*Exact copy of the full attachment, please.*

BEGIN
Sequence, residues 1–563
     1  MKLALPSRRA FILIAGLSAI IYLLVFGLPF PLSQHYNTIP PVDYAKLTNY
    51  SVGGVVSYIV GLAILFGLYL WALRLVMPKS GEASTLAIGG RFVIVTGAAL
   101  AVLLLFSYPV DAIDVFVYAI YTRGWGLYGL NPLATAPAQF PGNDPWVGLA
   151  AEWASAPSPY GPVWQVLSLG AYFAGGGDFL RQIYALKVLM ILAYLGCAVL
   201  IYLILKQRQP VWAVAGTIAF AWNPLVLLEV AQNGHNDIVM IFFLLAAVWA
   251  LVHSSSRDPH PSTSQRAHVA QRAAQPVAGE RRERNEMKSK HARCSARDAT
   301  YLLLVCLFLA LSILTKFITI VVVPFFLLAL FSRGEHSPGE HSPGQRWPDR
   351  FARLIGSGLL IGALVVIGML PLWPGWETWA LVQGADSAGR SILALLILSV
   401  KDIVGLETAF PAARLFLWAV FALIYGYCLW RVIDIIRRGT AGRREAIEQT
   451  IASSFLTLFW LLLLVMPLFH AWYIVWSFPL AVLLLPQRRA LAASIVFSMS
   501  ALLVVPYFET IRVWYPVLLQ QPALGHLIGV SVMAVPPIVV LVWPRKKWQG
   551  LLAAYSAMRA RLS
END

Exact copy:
Sequence, residues 1–563
     1  MKLALPSRRA FILIAGLSAI IYLLVFGLPF PLSQHYNTIP PVDYAKLTNY
    51  SVGGVVSYIV GLAILFGLYL WALRLVMPKS GEASTLAIGG RFVIVTGAAL
   101  AVLLLFSYPV DAIDVFVYAI YTRGWGLYGL NPLATAPAQF PGNDPWVGLA
   151  AEWASAPSPY GPVWQVLSLG AYFAGGGDFL RQIYALKVLM ILAYLGCAVL
   201  IYLILKQRQP VWAVAGTIAF AWNPLVLLEV AQNGHNDIVM IFFLLAAVWA
   251  LVHSSSRDPH PSTSQRAHVA QRAAQPVAGE RRERNEMKSK HARCSARDAT
   301  YLLLVCLFLA LSILTKFITI VVVPFFLLAL FSRGEHSPGE HSPGQRWPDR
   351  FARLIGSGLL IGALVVIGML PLWPGWETWA LVQGADSAGR SILALLILSV
   401  KDIVGLETAF PAARLFLWAV FALIYGYCLW RVIDIIRRGT AGRREAIEQT
   451  IASSFLTLFW LLLLVMPLFH AWYIVWSFPL AVLLLPQRRA LAASIVFSMS
   501  ALLVVPYFET IRVWYPVLLQ QPALGHLIGV SVMAVPPIVV LVWPRKKWQG
   551  LLAAYSAMRA RLS